I began learning to play the guitar when I was eleven years old. It was a Hofner belonging to my uncle and began with the three simple chords taught by my cousin Aziz. As I progressed I began to learn many more chords and eventually I could strum the chords of one whole song. Those days the songs were all accompanied with simple chords and I could play many songs. However, just strumming the guitar without singing was insufficient to off-show our talent to others proudly. And so to complement our talent in plucking and strumming the guitar, we began to sing as well except we had one problem; we had no song book. Those days when the whole teenage world rocked trying to be like Elvis Presley, we would never let ourselves be left behind and so we rocked as well and how we did it was secondary. Sometime when we rocked we looked like as though we were in a trance shouting whatever words that passed by our minds. So we need to have our own song book and to get a song book in the early 60s in Muar town was almost impossible. The only available bookstore where we could buy song books was at the Ban Heng Lee bookstore situated along Jalan Abdullah and most of the time there wasn’t any. And so many of us began to create our own song book
The materials needed to create our own song book would be a hundred page hard cover exercise book, some pictures of our idols, a box of glue, a box of coloured pencils, a scissors to cut the pictures of our idols (sometime we used a worn out razor blade) and finally the lyrics of all the songs we wanted in our song book. The cost of the hard cover exercise book was forty cents and that was not a problem for me because all I needed was to look for just four empty bottles at the backyard of my house to be sold later to the ‘apek sia’. Every time grandpa bought few bottles of soda drinks, I would be the first to eye for the empty bottles. Next was to collect some pictures of my singing idols such as Cliff Richard, Elvis Presley, Ricky Nelson, Bobby Darren, Paul Anka and few others. The female singers were Connie Francis, Sandra Dee, Doris Day and few others. Looking for these pictures was quite a problem and so everyday I would be looking at the newspaper hoping to see some pictures of my idols and if there was any, I would have it cut the next day. Grandma always felt happy when I asked for the newspaper thinking that her grandson was a keen reader of the daily paper. There was a monthly magazine called ‘Movie News’ costing seventy cents featuring many western artists and singers and I would buy the magazine if there were many pictures inside, the main reason for buying it in the first place.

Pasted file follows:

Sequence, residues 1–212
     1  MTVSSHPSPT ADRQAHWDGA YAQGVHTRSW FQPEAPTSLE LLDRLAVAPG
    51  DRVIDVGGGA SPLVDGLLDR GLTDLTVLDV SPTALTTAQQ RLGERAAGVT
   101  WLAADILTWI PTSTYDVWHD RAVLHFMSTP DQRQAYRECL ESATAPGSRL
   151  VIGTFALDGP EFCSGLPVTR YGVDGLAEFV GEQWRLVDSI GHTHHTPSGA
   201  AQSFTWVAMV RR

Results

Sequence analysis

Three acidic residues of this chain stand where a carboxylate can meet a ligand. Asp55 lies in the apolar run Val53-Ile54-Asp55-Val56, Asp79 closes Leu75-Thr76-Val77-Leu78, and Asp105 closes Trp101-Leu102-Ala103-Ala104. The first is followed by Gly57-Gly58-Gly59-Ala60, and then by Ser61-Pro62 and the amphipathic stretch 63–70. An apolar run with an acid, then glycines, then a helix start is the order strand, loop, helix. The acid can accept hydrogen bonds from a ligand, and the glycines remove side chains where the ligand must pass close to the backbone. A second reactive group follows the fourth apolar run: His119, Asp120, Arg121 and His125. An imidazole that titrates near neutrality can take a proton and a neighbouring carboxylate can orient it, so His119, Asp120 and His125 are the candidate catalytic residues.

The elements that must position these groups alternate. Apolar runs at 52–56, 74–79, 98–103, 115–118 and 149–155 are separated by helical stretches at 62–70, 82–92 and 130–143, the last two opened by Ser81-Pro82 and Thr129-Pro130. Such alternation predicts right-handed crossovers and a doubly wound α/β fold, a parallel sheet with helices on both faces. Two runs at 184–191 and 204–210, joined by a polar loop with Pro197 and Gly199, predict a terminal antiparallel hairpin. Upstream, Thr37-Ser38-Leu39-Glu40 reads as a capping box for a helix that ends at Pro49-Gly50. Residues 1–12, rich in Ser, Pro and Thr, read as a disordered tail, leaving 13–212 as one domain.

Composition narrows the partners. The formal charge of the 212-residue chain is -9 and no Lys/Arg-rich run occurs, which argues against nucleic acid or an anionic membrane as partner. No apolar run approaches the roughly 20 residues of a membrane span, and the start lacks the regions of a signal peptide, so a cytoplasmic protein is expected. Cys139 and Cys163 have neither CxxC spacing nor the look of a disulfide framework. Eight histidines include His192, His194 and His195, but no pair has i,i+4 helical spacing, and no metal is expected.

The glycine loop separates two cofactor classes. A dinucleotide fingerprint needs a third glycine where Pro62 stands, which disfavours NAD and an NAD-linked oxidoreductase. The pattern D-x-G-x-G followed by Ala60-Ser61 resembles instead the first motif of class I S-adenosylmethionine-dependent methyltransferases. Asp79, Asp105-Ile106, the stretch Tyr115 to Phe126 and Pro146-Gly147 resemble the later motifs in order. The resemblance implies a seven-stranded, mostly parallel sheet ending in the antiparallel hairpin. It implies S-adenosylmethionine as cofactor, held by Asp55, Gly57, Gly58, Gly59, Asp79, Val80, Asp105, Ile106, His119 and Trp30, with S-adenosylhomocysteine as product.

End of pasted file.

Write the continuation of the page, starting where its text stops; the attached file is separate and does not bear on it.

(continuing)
When all these materials were ready, I would first write the lyrics. I would start with my favourite songs; “True Love Will Come To You” by Cliff Richard followed by “O’ Carol” by Neil Sedaka, Paul Anka’s “My Home Town” and few others. Every page would be painted with all kinds of colours and designs. For the first few songs my handwriting was superb but later it began to dwindle from left to right, some lines were straight and some slanting. When I got tired I would stop for a while and continue later. Next was to paste the pictures of these singers according to the songs and would keep on doing this until all the songs had been written. In most cases, it would take about thirty pages and the remaining empty pages would have to wait until I managed to get new lyrics.
How did I get all these lyrics? Obviously it was copied down while listening to the songs over the radio but sometime I would borrow the song books from others and copied them into mine. Copying these songs were mostly from the radio because we did not have a record player. Our English was not too good and copying these songs over the radio was quite stressful. In the lyrics of “O’ Carol, I am but a fool” I copied it quite differently; it went like this…”O Carol, I am butter fool”. Another song was Johnny Tilitson’s ‘Poetry In Motion’ where on the second line it reads; ‘A lovely locomotion’ but I copied it as ‘A lovely local motion’. But the most glaring mistake was copying the song ‘Michelle’ by the Beatles. There are two lines written in French: